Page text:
Dan Heller's Photography Business Blog Industry analysis from www.danheller.com

The photography world -- the business, the culture, the art, the politics, the technology.

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Monday, July 11, 2005

Why being a Photographer's Assistant is a bad career choice

Every week or two, I get an email from someone asking if I'm hiring assistants. They'd like to work for me, not just for the job, but because they feel being in my presence will give them insight into the photo business world. There is something unique about such people, and now that my books are being released, I'm getting so much more of these emails that I'm finding a common thread among them: they're enthusiasts, but are still soul searching about themselves and what they really want to do. Their passion for photography, while thoughtful, has not really been researched yet, and their desire to work for someone to learn the business is understandable, but it doesn't really accomplish that goal.

Obviously, the impetus is that they love the craft, and for someone that wants to learn photography techniques, as opposed to business mythodology, working as an assistant might not be a bad idea. (But only if you work for a photographer who does exactly--and only--a narrow field or style that matches precisely what you want to shoot.) But that's usually as far as it goes. Any other objective, no matter how well-intentioned, is futile. They think they can jump ahead of the pack and learn the secrets of the trade that no one else knows, or at least, won't for some years to come.

Well, it ain't that simple. As my saying goes, "if it were that easy, everyone would do it."

We need to dispel of this myth: Making a business work in the photography world has very little to do with photography. It has more to do with how well you know "business." And knowing business is not something you can efficiently or effectively learn by assisting someone else given the time and energy required. Sure, you can learn how to keep records, or to fill out a contract, or even to work with a buyer who's choosing images. But these are tasks, not skills, and they certainly don't teach the lower-level paradigms about how business is run. Again, it's not that you can't pick up some things, but what you glean over time is miniscule, compared to what you could learn if you invest that same time and effort elsewhere. Or, more to the point, started from a more advantageous position in the first place. (More on that in a moment.)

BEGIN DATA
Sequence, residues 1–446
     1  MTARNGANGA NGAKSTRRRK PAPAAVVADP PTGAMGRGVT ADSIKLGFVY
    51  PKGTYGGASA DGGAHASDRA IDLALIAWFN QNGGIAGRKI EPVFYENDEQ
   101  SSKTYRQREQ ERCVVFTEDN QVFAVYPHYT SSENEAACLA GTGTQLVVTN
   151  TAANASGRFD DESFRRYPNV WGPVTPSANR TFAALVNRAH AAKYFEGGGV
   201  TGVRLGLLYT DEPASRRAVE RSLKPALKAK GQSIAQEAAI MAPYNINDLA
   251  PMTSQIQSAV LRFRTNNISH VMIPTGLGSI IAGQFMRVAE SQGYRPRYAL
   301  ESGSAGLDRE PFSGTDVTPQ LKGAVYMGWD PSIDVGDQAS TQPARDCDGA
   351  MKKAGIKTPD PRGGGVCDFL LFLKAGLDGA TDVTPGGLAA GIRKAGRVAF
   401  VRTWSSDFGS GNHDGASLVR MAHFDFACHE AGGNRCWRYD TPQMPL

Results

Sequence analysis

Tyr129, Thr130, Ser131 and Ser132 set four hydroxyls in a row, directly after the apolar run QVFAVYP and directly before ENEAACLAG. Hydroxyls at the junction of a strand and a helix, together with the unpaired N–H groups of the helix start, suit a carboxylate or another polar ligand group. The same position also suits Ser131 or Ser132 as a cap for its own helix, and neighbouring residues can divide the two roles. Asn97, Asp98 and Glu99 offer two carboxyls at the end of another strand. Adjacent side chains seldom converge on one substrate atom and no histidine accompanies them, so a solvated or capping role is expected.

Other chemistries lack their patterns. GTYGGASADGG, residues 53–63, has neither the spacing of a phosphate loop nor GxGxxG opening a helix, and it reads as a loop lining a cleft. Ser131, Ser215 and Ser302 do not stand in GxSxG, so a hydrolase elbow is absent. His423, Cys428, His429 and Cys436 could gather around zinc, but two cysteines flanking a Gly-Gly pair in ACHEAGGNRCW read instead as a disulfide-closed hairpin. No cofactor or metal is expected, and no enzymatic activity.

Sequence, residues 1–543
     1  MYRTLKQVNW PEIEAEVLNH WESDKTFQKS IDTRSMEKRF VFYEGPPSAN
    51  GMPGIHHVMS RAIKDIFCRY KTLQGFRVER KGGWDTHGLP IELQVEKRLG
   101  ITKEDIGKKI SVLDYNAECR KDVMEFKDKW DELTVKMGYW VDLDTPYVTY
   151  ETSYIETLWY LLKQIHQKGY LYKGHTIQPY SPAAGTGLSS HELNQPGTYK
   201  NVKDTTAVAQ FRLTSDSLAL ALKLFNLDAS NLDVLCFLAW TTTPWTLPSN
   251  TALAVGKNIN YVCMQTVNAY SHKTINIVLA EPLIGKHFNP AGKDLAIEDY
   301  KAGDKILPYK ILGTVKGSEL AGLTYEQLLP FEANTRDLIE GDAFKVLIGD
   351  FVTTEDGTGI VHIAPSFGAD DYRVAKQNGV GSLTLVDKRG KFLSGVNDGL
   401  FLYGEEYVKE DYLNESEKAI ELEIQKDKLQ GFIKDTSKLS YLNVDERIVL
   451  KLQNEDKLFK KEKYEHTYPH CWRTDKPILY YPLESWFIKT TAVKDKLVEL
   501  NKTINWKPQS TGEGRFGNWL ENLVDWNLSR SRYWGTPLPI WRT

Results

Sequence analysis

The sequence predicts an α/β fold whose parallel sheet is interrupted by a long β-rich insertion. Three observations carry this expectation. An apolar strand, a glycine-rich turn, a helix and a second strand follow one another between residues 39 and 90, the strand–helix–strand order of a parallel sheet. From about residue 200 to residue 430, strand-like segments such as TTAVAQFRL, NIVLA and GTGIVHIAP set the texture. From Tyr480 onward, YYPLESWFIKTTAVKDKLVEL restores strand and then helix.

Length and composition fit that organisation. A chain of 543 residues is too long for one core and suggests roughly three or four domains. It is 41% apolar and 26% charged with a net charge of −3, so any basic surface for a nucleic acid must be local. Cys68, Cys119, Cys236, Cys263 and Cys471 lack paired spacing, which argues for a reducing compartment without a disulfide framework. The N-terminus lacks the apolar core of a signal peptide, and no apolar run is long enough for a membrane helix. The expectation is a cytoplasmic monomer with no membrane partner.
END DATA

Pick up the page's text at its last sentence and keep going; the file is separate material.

Another thing to note is that most all photo businesses vary in some very major way depending on the photographer. Some have great technical skills, and maybe a great client base, but they may not have the best negotiation skills or even marketing savvy. Others may have those all swapped. Photographers are somewhat like snowflakes in that they all look roughly the same when viewed from afar, but close-up, each is so uniquely differently, that it's a big mistake if you try to copy one by observation. If any given photographer is successful, chances are that he is so because of who he is: his unique qualities and characteristics happen to make it all work. A different individual will never be able to match these attributes perfectly, and trying to do so may cause more harm than good to one's own career.